1.  COBRA Does Not Apply.  Without a doubt, this is the number one benefit.  Here’s how it works.  Let’s say you have an employee who becomes covered under your health plan whom you subsequently terminate for drinking on the job.  Your policy is to offer terminated employee COBRA for 18 months.  During the COBRA period, the terminated employee has a liver transplant (alcoholism) and a heart transplant (obesity) and dies.  Your self-funded plan pays out $1,000,000 for these expensive surgeries.  Who is stuck with the bill?  If your stop-loss limit is high, the plan pays – really the employees pay – in increased premiums.  If your stop-loss is triggered, your experience rating shoots up and your premium jumps in the next plan year.  Your participants are again stuck with a bill.  Being a Church Plan allows you to offer only the COBRA-like benefits that you want to offer.  Perhaps you would like to implement a sliding scale of post-termination health benefits tied to longevity.  Perhaps you would like to offer only 3 months of COBRA-like benefits to all terminated employees.  Any rationally applied standard would probably work.  But before you get too excited, you need to check the law of your state to see if there is a state-law equivalent to COBRA that applies to religious organizations (hint, NC = no problem).   

2.  No 5500 Filing Required.  Another exciting and expensive annual task is to have your accountant prepare and file a form 5500.  Become a Church Plan and get rid of it.  How much are you paying your CPA to do this annually?  No more filings!   

3.  HIPPAA Relief.  How would you like a little relief from HIPPAA?  Church Plans are exempt from the ERISA-based portions of HIPAA since they are not subject to ERISA.  Some other health information laws apply, so you don’t get a free pass.  Penalties for non-compliance are relaxed and correction periods extended for Church Plans.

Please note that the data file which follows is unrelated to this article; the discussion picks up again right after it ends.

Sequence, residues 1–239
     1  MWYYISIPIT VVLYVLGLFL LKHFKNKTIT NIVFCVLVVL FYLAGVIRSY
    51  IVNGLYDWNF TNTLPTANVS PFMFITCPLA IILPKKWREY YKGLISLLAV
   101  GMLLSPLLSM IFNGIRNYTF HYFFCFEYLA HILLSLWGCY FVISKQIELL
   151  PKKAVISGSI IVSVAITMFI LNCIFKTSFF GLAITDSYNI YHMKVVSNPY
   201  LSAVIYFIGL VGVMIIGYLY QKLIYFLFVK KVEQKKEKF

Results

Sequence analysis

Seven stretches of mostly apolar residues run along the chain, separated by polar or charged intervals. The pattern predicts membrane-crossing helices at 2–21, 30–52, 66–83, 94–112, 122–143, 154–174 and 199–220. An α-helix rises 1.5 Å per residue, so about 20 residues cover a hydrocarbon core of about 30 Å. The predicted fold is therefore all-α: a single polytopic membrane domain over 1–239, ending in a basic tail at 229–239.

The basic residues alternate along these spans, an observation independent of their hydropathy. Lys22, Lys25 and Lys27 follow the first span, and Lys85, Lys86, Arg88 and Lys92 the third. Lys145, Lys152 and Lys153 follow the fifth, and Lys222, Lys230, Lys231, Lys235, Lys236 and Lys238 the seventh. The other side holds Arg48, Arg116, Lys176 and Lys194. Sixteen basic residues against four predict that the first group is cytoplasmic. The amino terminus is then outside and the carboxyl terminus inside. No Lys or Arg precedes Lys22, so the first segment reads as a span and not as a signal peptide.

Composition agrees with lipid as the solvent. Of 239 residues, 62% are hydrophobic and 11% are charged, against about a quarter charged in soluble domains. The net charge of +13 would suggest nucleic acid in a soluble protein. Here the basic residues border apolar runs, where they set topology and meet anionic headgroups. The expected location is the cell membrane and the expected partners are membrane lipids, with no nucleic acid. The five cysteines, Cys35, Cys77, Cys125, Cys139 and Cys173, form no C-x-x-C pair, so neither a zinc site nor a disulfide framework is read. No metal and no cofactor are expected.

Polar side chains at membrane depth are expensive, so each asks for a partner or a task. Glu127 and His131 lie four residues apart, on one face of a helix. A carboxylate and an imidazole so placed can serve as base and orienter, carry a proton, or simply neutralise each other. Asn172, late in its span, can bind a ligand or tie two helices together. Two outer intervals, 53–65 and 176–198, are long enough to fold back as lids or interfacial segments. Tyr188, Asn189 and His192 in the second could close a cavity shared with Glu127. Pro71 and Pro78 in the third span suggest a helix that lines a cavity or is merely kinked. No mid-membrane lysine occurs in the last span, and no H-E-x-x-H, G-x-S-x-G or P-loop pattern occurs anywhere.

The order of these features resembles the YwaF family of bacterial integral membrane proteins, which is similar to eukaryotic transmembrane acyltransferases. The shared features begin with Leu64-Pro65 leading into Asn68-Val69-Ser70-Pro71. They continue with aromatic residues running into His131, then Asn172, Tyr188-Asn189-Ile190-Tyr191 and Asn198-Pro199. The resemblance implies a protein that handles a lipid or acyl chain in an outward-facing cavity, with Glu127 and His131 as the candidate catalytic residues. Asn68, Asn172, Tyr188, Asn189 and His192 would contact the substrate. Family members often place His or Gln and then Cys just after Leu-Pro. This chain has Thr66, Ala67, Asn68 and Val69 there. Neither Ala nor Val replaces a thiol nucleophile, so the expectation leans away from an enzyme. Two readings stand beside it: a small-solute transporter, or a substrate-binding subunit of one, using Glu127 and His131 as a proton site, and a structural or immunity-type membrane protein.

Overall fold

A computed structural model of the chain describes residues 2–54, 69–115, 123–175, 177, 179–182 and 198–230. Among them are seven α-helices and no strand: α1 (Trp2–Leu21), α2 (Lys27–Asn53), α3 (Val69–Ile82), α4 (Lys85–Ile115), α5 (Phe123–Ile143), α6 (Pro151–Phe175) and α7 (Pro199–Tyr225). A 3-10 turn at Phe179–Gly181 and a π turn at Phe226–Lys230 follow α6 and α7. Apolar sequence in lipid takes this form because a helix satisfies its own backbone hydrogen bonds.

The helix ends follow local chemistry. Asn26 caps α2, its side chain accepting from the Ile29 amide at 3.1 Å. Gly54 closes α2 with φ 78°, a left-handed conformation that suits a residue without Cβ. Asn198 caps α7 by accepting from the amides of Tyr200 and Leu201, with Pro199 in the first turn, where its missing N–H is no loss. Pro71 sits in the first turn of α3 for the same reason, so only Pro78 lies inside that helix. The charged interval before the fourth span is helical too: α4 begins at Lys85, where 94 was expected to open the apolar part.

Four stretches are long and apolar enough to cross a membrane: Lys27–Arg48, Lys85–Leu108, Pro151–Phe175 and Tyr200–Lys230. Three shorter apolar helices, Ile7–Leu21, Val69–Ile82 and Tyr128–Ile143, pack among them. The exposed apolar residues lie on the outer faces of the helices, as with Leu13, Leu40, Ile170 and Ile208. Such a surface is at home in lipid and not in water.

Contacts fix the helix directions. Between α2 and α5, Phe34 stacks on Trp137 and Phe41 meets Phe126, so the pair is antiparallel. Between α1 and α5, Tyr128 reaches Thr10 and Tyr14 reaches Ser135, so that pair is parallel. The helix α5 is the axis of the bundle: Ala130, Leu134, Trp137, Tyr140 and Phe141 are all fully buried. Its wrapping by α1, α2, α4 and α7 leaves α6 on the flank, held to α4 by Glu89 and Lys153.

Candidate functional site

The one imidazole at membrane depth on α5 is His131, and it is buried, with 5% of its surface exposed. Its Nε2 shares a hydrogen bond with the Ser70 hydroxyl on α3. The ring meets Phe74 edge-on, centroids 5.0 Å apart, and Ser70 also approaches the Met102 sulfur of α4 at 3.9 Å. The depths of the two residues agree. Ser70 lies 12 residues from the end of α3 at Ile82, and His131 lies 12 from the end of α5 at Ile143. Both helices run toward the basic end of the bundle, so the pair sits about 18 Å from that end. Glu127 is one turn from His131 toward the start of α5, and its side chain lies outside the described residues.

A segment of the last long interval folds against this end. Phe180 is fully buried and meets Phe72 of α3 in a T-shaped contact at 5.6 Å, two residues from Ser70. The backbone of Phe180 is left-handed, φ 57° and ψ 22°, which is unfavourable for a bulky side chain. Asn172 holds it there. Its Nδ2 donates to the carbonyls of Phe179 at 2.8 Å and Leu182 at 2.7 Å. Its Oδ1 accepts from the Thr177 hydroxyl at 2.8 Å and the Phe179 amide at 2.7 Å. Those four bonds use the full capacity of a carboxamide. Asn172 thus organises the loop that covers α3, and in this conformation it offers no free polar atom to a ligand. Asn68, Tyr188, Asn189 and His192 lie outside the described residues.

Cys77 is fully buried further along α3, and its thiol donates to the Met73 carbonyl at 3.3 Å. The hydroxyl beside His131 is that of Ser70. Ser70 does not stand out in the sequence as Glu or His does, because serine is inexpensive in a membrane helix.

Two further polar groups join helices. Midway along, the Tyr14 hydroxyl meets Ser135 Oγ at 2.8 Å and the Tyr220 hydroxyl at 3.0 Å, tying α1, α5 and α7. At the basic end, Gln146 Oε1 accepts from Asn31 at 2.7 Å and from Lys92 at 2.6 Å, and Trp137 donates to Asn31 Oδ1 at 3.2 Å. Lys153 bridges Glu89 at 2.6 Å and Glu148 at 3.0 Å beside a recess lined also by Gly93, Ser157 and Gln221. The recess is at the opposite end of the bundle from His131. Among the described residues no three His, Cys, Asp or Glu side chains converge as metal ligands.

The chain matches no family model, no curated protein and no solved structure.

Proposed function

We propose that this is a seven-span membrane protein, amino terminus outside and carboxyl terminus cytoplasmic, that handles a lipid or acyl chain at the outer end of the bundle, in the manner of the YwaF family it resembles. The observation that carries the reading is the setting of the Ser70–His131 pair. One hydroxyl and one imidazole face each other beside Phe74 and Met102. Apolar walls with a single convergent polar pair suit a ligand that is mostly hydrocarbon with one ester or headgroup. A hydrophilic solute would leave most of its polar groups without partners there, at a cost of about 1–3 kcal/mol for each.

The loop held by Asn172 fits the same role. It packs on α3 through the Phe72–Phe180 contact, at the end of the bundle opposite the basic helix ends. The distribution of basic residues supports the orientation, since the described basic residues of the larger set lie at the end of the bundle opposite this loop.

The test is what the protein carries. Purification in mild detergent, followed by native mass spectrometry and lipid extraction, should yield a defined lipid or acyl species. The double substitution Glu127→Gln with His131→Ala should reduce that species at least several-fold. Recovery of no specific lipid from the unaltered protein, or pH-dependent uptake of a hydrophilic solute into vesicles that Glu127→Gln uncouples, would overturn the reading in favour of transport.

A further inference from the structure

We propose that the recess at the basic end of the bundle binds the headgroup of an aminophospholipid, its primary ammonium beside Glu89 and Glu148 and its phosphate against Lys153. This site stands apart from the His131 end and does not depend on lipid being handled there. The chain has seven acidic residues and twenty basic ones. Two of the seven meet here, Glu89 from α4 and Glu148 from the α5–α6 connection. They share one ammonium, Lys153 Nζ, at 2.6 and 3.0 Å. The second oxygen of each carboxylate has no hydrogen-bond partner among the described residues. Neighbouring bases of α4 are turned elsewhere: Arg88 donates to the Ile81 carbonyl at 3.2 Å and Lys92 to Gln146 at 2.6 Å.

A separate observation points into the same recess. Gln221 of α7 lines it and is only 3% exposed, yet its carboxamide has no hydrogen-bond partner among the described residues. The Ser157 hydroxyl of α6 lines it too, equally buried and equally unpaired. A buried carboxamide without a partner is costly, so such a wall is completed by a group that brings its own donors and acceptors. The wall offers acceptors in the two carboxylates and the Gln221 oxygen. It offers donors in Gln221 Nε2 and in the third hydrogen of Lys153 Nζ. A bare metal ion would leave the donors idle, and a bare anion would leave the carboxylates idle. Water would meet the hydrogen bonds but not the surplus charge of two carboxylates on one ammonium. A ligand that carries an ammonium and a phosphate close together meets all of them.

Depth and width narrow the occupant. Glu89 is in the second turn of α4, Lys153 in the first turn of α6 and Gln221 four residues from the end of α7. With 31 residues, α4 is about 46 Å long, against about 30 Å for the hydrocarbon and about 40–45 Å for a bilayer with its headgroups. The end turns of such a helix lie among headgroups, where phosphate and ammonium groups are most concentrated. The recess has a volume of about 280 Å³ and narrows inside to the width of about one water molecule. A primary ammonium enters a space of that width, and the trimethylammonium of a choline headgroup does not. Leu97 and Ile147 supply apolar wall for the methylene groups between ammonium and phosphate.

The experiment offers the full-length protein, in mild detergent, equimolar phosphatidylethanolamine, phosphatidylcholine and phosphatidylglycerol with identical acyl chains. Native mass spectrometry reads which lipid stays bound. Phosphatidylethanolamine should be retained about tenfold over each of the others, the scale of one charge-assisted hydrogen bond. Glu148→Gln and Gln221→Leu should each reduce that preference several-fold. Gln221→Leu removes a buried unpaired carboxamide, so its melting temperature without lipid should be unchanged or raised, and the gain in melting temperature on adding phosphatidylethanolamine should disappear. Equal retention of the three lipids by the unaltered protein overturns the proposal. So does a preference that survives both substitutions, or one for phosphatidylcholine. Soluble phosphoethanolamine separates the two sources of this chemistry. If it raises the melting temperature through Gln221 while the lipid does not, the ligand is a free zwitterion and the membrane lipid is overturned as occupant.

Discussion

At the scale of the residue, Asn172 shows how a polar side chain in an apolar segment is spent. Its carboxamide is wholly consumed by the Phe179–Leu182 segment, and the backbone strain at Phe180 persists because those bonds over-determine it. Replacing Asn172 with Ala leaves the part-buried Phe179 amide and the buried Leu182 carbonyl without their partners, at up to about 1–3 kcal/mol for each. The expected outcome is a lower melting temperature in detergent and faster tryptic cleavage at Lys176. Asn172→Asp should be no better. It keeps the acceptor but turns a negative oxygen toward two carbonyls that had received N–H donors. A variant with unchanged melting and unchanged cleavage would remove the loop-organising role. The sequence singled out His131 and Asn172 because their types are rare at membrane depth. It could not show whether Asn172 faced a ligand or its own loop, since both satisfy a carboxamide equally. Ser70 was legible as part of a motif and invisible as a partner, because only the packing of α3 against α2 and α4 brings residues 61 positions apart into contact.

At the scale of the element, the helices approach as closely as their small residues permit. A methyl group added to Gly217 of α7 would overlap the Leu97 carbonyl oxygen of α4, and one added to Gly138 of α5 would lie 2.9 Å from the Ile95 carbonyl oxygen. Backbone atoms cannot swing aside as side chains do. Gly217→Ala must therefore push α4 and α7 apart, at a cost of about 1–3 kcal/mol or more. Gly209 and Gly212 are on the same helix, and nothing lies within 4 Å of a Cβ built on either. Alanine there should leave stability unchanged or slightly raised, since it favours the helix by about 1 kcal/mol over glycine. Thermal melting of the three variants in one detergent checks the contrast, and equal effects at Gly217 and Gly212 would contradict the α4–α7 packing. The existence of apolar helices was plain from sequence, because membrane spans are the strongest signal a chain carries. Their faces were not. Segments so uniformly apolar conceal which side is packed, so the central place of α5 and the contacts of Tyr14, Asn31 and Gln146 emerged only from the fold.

“How do I become a Church Plan” you ask?  There are two ways.  You can self-declare or you can obtain an IRS Private Letter Ruling.  The Letter Ruling will be a definitive ruling on the issue for your organization from the IRS and is of course preferred.  The IRS fee for the letter ruling is $10,000 or so and legal costs would be about $10,000 to $20,000 depending on your particular facts.  So for under $30,000 you can have all the benefits of being a Church Plan and save your participants lots of premium costs.  Often the cost will be paid for in the first year of operation.  So what are you waiting for?


Jeffrey Owen practices in the nonprofit ERISA arena and has successfully obtained rulings for his clients on this issue.  If you would like to discuss the benefits of Church Plan status for your organization’s health plan (or other employee benefit plans) please contact him at


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Condominiums – No Longer Subject to Interstate Land Sales Act (ILSA Law)

October 2nd, 2014

On September 18, 2014 the US Senate unanimously approved amendments which will have the effect of removing condominium developments from application of ILSA.  The amendment becomes effective 180 days after signed by the President, which is expected given overwhelming bi-partisan support in the Senate and House.  ILSA was enacted in the 1960’s to protect consumers from large development lot sale scams. Before changes to the law, developers of condominiums containing more than 99 units were technically required to register under ILSA, and many argued for years that application to condominiums was not what was originally intended, and did not really have any additional positive protective effect for purchasers.  The fact that developers will not have to comply with this very cumbersome law should be a great relief to developers, one that will hopefully be one more encouragement to commence larger scale condominium projects.

For more information, this link will take you directly to the version of the bill approved by the US Senate:

Please call any of the attorneys in our Commercial Development Practice Group if you have any questions about ILSA, or any other legal issues related to commercial real estate development.